Look for vile hunters SHOT a rare wedge-tailed eagle and pull the claws out of another – while Australia’s largest raptors are in danger of extinction
- Wedge-tailed eagle was found full of bullets in Tasmania’s native bay
- Authorities also found another praying bird last week with its claws chopped off.
- Those responsible face $108,000 or 12 months in prison if caught
Wildlife authorities are investigating after a wedge-tailed eagle was found littered with shotgun bullets in southern Tasmania.
The bird was discovered this week at an estate in Birchs Bay and is now being cared for by Raptor Rescue.
“I’m just trying to get it back on track. I’m not sure it will survive,” director Craig Webb told AAP.
Wedge-tailed eagles, Australia’s largest bird of prey, are considered endangered in Tasmania
The Ministry of Primary Industry, Parks, Water and Environment says it is investigating the incident.
X-ray of a wedge-tailed eagle found this week riddled with shotgun pellets in Birch’s Bay in southern Tasmania (above)
“Killing or disturbing native wildlife is illegal in Tasmania unless a person has the relevant permit or permit,” a spokeswoman said in a statement.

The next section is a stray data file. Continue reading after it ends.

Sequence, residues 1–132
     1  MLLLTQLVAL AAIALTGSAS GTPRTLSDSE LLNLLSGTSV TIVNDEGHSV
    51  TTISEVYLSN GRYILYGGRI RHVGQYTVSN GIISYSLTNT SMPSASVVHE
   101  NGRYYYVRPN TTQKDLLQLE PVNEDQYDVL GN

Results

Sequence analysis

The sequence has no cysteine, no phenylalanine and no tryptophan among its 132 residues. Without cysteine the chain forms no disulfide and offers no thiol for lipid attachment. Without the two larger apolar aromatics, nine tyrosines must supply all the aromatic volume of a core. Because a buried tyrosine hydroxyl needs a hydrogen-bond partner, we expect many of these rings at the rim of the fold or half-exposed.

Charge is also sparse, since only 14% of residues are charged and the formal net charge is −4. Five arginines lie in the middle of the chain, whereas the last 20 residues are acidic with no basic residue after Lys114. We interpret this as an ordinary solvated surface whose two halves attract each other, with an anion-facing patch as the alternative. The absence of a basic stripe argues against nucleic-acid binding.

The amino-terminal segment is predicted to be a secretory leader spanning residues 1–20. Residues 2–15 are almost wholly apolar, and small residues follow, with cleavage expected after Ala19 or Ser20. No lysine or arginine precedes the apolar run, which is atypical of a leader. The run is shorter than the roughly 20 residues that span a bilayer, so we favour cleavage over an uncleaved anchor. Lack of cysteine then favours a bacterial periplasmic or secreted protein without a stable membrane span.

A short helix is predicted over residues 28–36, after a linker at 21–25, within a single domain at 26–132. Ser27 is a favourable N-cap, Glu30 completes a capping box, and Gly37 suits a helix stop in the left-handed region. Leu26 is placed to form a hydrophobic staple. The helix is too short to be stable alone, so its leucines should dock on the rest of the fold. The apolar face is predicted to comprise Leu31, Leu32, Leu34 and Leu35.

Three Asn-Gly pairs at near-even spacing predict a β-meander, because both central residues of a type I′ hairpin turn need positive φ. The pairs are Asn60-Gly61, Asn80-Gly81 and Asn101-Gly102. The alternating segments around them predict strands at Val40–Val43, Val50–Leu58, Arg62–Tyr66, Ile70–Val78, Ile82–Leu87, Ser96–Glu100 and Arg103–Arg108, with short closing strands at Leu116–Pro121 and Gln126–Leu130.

“Anyone with information about suspected wildlife violations should report this to the (department) investigation and enforcement department.”
A person convicted of taking or injuring an endangered species without the relevant permit could be fined up to $ 108,000 or 12 months in prison.
Webb said his bird of prey rehabilitation service encountered a dead eagle with its talons severed in the northeastern part of the state last week.
Wedge-tailed eagles are endangered in Tasmania (recovering eagle above)
He has called for more conservation officials to ensure that those who harm or hinder the birds are caught.
“These majestic eagles call Tasmania home. We really need to respect and admire these fantastic creatures, and not cut them to pieces like they did last week,” he said.
“It’s just unacceptable.”
Raptor Refuge has offered a $ 20,000 reward to anyone with information leading to a conviction in connection with the shooting.
“You don’t accidentally shoot a bird,” Mr. Webb said.